We've all heard that more and more, computers are pre-screening applications for specific key words before a resume ever gets seen by a human. If you don't have the magic character string, you don't have a job. I've worried a lot about this, but wasn't really sure what to do about it. A colleague recently mentioned that to a computer "PhD" and "Ph.D." and "Ph-D" are unrelated. The surest way to hit the keywords is to use the form put in the ad.
And this got me thinking, I never know what the key words will be. If the ad contains the search terms, maybe my application should contain the ad? This morning, I am taking a new approach to resume writing. I find a job I think I am a good fit for, I copy the text of the ad, and trim that to meet my specific needs. "Builds professional relationships" becomes "Builds professional relationships as part of a large, interdisciplinary team." I'm not gonna lie, it kinda feels like plagiarism, but I am been assured that applicant creativity doesn't usually get picked out of pre-screening.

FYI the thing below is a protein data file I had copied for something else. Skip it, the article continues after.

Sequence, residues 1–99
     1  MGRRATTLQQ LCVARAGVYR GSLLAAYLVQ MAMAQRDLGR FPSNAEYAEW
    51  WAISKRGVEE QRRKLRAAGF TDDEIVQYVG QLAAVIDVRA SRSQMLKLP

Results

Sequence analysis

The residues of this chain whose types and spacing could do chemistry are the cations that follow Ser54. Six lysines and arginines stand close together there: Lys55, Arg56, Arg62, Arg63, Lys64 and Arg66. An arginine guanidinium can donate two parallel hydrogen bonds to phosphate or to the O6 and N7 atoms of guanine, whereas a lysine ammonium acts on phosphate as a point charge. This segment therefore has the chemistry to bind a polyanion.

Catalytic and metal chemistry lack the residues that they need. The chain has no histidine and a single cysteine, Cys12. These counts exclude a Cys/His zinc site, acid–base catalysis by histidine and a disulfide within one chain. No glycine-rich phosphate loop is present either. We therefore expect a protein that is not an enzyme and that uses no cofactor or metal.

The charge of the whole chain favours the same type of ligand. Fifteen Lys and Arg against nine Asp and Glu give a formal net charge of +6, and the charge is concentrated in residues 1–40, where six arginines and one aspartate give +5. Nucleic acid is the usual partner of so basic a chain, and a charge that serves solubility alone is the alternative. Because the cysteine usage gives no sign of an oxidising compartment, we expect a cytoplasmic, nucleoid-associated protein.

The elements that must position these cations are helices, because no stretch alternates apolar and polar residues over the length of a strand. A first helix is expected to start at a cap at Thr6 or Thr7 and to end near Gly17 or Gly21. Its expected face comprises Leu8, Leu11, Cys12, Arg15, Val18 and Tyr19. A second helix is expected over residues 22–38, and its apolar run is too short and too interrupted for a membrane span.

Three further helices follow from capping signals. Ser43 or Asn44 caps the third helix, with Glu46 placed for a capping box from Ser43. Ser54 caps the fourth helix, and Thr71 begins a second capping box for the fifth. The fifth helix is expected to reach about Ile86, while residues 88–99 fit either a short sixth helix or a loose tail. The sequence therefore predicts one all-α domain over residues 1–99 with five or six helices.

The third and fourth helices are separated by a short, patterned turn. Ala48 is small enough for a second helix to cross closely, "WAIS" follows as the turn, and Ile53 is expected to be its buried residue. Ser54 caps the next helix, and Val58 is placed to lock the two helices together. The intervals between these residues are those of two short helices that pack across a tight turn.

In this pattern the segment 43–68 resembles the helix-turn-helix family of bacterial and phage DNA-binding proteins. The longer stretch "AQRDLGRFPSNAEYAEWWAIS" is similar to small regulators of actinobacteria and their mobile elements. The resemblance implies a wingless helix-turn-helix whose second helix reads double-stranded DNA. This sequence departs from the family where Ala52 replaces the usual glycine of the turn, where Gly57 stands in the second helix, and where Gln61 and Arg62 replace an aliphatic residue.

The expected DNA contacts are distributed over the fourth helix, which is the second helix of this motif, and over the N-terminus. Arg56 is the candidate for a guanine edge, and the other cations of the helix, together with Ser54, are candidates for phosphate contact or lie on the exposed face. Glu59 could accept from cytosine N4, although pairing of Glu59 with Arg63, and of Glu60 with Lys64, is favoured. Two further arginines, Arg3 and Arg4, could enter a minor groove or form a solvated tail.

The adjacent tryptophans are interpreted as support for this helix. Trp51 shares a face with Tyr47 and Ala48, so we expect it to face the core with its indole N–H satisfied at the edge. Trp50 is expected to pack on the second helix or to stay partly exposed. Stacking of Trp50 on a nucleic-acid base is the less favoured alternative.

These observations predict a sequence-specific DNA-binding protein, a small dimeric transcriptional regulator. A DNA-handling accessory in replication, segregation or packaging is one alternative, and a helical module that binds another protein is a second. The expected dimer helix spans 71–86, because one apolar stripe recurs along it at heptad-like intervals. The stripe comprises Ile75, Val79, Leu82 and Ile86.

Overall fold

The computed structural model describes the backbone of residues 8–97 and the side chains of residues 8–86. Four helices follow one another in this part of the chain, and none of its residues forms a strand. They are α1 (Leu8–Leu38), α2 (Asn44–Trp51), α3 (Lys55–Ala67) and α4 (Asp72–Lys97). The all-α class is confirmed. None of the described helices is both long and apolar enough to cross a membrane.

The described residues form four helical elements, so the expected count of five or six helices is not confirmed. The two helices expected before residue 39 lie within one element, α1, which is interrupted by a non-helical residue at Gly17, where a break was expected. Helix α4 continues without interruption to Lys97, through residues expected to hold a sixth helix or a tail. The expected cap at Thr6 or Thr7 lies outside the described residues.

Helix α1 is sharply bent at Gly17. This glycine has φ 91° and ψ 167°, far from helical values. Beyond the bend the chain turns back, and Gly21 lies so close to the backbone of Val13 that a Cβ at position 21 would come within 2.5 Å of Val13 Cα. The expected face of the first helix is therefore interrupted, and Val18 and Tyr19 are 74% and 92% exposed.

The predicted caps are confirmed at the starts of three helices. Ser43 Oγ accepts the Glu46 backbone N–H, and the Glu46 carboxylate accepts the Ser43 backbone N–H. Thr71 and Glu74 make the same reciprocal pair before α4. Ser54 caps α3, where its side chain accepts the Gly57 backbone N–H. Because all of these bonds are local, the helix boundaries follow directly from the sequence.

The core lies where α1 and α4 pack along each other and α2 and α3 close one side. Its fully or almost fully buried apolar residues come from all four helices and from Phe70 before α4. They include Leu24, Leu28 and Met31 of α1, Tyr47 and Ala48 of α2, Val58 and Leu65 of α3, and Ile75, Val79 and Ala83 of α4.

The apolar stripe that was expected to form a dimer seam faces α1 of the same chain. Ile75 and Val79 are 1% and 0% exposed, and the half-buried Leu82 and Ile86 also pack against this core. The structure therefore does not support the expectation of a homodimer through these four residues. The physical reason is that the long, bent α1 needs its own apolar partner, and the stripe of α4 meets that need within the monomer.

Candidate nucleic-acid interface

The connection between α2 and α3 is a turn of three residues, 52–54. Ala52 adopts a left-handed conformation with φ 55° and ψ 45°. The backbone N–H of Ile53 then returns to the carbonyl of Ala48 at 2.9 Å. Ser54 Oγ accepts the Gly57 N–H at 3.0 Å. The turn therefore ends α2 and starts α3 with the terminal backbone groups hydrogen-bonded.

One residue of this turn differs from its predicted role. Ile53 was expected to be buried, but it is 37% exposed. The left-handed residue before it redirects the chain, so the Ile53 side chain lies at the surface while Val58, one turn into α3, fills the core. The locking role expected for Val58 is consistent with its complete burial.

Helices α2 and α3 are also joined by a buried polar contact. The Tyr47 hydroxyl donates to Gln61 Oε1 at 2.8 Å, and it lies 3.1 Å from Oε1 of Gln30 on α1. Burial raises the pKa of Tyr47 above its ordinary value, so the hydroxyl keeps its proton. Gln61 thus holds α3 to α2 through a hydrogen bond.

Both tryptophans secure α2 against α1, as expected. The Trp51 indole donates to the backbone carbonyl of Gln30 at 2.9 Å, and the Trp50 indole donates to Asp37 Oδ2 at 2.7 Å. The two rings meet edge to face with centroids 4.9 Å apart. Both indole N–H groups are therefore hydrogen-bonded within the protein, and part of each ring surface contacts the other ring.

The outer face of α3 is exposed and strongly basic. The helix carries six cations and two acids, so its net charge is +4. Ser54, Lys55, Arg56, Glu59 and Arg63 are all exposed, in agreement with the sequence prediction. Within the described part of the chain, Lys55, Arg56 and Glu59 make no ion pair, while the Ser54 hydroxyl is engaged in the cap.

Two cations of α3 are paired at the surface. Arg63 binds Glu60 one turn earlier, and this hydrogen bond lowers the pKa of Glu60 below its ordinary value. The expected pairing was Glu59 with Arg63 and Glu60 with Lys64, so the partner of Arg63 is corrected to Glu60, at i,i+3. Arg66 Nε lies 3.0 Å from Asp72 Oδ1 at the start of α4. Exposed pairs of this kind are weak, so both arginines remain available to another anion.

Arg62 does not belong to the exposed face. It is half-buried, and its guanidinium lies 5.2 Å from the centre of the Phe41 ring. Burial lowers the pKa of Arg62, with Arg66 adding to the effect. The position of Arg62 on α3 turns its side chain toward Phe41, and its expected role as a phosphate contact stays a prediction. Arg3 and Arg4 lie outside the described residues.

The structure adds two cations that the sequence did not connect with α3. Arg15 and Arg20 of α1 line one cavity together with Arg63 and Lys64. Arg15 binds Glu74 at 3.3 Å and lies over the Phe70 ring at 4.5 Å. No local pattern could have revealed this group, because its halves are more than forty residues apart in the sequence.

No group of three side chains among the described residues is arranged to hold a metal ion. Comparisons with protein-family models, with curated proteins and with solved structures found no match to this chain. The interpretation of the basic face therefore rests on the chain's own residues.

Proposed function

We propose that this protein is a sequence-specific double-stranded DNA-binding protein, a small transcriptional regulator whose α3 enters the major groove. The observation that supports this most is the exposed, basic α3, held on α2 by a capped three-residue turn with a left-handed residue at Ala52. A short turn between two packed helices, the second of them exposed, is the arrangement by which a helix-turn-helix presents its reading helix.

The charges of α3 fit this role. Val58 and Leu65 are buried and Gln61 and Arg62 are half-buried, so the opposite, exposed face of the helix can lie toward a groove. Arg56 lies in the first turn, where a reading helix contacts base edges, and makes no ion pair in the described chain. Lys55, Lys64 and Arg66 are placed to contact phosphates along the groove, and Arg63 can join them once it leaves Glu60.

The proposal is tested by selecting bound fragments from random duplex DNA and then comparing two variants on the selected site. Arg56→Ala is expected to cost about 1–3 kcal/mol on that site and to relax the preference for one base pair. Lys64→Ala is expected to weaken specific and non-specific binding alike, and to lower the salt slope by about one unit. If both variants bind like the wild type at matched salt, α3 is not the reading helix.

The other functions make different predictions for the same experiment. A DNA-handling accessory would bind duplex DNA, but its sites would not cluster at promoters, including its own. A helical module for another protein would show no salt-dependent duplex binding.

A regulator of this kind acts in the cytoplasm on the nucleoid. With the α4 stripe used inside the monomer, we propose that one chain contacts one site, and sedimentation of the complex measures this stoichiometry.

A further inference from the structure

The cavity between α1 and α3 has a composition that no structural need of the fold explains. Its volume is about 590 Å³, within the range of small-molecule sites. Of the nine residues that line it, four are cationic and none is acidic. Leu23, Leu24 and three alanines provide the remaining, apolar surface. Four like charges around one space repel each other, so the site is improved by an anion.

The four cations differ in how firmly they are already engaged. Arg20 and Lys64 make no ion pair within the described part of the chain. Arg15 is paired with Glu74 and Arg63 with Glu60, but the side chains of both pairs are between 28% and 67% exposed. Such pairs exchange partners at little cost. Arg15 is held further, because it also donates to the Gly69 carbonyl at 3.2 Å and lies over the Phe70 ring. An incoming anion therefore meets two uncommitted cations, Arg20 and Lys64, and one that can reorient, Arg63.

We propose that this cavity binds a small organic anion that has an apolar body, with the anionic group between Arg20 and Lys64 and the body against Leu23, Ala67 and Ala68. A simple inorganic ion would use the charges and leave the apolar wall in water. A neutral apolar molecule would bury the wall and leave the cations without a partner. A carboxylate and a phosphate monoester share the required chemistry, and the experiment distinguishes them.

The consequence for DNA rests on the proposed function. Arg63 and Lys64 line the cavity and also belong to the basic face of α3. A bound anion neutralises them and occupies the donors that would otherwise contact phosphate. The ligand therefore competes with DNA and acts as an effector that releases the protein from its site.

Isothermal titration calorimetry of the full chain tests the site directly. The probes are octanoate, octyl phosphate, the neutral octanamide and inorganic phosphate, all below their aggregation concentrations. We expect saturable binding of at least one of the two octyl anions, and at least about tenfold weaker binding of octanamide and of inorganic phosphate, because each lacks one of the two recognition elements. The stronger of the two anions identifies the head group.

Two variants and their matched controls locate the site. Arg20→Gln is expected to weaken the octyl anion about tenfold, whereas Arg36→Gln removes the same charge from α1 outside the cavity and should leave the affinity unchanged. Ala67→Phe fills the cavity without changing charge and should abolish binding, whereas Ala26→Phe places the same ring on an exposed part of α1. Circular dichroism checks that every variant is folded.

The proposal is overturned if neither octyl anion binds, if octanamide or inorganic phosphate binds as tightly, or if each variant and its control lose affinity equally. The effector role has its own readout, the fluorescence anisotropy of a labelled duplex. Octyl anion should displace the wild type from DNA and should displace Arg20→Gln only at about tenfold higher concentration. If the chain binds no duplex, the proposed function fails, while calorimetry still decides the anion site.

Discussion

I'll let you know if it works, but here are a couple up-sides I noticed already:
1) It's impossible to apply for jobs I'm not pretty much a great candidate for
2) It's a way faster way to tailor my resume.
I've already applied to two associate positions this morning, so we might get a chance to see how this experiments pans out in the short run.
Side note: the consensus was that the cover-letter isn't really essential for key word searching, and that in many cases it isn't read. I always include a nice, but short one, figuring it doesn't get screened, but someday I'll be sitting with someone in an interview situation and they might read it before I walk in the room. This might be a waste of time.